*Happy New Year.
January 1 seems like a while ago already. Doesn’t it?
Think hard and remember those resolutions, ideals, goals, objectives, etc. This was the year you promised to put in the effort.
To make a change, whatever that change may be, is hard. Challenges will arise. Frustration will come. Days will arise where you just don’t feel like doing what you proposed to do. The willpower will not be there.
The dog, Pearl, a pitbull, licked SJ’s pant leg. SJ’s eyes met Pearl’s, and a moment later, the dog wandered off. SJ went back to playing as if nothing had occurred.
This innocuous moment was a long time in the making.
This year before my family and I became dog owners. BR, SJ’s older brother, loves dogs. For three years, he begged my wife and I to get a dog. While both my wife and I like dogs (she had one growing up), neither of us wanted one (I was more interested in being a grandparent to a dog. Less obligations.).
Yet, we cracked.
Her name is Leila, and she’s a rescue. A mixed breed of Shitzu and Bull Terrior, Leila is 12 pounds. She has white fur with a brown spot near her butt and black fur mixed in on her ear.
She looks sweet. People walked up to her expecting her to be friendly. But she’s a barker. We learned this early.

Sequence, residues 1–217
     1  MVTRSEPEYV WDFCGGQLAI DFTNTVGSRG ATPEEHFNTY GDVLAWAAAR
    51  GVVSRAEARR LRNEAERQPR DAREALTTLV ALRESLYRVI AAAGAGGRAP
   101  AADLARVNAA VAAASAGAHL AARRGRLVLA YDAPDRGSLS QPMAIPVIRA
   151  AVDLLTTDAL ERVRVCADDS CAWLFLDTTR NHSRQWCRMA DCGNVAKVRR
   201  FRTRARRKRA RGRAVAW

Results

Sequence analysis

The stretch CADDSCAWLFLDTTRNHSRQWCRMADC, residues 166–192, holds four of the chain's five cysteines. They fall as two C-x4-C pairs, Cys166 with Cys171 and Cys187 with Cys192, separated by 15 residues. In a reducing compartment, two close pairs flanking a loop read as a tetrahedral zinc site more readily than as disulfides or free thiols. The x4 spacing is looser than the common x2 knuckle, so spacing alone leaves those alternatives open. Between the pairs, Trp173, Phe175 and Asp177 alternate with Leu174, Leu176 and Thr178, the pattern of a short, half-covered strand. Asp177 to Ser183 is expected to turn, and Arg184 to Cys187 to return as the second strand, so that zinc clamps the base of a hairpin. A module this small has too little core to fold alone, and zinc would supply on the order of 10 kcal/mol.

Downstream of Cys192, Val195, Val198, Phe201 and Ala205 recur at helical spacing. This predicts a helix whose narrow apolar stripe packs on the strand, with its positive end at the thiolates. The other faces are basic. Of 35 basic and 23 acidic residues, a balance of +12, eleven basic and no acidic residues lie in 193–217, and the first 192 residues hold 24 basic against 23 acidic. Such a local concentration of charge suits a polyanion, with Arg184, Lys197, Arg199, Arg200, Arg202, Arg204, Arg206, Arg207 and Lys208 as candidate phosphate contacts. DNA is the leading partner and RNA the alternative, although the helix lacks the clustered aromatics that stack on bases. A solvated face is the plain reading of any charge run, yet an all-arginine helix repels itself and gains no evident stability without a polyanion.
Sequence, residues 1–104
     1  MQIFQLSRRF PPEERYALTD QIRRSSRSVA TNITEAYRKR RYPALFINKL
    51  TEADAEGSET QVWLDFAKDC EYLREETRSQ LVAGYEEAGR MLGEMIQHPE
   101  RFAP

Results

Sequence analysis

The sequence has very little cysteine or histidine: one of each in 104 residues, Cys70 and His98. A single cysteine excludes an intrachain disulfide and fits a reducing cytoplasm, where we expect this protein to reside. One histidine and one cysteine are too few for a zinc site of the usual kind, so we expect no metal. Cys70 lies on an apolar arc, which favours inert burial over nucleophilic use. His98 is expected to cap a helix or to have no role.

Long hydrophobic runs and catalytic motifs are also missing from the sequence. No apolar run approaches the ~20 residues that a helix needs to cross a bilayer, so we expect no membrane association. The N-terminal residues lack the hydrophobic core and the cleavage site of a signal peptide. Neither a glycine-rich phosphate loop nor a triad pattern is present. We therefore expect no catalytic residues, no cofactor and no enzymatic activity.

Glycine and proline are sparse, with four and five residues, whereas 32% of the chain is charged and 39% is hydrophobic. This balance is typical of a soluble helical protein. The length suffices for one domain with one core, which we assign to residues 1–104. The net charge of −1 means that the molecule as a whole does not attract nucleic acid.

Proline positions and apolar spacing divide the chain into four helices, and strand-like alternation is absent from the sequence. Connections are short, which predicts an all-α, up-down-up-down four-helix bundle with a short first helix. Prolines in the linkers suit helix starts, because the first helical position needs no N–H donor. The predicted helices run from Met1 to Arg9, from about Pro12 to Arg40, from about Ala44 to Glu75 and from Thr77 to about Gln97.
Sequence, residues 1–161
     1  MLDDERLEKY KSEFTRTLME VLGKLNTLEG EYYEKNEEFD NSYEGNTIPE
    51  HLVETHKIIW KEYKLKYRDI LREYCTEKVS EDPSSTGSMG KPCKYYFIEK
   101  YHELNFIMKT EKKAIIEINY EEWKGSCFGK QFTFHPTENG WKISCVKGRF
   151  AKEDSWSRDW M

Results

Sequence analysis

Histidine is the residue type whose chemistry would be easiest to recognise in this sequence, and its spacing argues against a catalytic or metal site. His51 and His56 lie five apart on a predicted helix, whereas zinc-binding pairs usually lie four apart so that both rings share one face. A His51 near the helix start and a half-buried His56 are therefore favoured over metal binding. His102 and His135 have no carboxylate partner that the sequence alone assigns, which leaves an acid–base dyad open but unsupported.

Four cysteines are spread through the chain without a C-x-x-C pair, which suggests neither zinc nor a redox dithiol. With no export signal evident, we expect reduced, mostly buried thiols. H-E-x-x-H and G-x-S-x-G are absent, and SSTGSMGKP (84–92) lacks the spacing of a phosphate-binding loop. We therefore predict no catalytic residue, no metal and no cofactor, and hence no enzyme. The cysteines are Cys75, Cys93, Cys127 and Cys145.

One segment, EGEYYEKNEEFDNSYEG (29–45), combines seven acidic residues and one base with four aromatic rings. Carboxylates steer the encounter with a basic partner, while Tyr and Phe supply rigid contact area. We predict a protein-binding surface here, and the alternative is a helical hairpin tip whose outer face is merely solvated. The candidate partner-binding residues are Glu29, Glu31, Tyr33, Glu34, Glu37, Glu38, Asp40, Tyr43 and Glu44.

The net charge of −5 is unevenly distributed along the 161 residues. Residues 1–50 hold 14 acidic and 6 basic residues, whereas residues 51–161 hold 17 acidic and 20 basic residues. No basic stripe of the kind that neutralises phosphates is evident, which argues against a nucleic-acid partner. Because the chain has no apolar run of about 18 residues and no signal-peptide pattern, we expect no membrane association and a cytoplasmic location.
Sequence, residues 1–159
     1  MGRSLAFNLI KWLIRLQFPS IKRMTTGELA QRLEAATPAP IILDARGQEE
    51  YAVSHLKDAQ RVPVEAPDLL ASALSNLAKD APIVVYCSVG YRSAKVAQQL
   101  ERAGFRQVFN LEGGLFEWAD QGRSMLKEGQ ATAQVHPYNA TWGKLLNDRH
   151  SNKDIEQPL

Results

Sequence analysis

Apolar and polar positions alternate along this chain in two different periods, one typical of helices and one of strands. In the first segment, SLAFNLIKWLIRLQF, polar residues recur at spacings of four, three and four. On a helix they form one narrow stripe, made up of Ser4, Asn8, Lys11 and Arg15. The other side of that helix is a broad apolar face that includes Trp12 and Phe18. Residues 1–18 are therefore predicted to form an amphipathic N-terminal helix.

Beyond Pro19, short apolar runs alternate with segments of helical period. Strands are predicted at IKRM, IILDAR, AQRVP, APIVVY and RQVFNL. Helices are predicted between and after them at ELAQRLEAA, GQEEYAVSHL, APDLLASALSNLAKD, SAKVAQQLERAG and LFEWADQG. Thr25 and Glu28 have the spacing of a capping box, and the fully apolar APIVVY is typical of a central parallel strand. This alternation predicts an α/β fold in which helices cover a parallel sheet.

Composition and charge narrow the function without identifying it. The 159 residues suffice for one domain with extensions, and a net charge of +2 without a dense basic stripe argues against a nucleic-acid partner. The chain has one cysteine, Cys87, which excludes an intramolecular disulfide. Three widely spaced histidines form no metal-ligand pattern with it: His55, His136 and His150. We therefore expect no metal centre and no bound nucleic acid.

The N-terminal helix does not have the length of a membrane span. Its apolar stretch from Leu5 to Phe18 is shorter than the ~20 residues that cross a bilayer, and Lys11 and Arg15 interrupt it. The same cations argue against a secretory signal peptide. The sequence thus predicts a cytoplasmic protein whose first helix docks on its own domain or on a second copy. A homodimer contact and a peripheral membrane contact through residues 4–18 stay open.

A few days after we get Leila, SJ was talking to my wife, “I didn’t ask for this.”
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He wanted me to say it was okay. But I wouldn’t.
I could have insisted. But I didn’t.
It was just less than two weeks till Thanksgiving. I was driving the boys to school, and I broached the topic.
Since BR was six years old, we have had the tradition to go to Manhattan on Thanksgiving to see the Macy’s Thanksgiving Day Parade. SJ had been an attendee of the parade since he was seven.
In 2016, when he turned twelve, BR decided he was not interested in going to the parade. At the time, I was surprised. Disappointed. Hurt.
But a year had passed. And while I asked the question of ‘do you want to go to the parade?’, I was sure I knew the answer. I just hoped that SJ would also not answer in the negative.
However, both boys said yes. And quickly. I was excited.
We were boys on a mission.
It was Halloween night, and my dad was late picking NG and I up. We stood waiting and waiting for him. But it was the pre-cell phone era, so all we could do was tap our feet impatiently and mutter under our breath.
Dad finally showed up – a miscommunication apparently – and got us home just before the unofficial start time for trick or treating time in my neighborhood. We quickly changed into our costumes, grabbed old pillow cases (which we used to hold candy) and started running from house to house.
We said it was all about the candy. We didn’t care about dress up. We had no patience for a costume that would slow us down. We had no interest in wowing our friends with our creativity.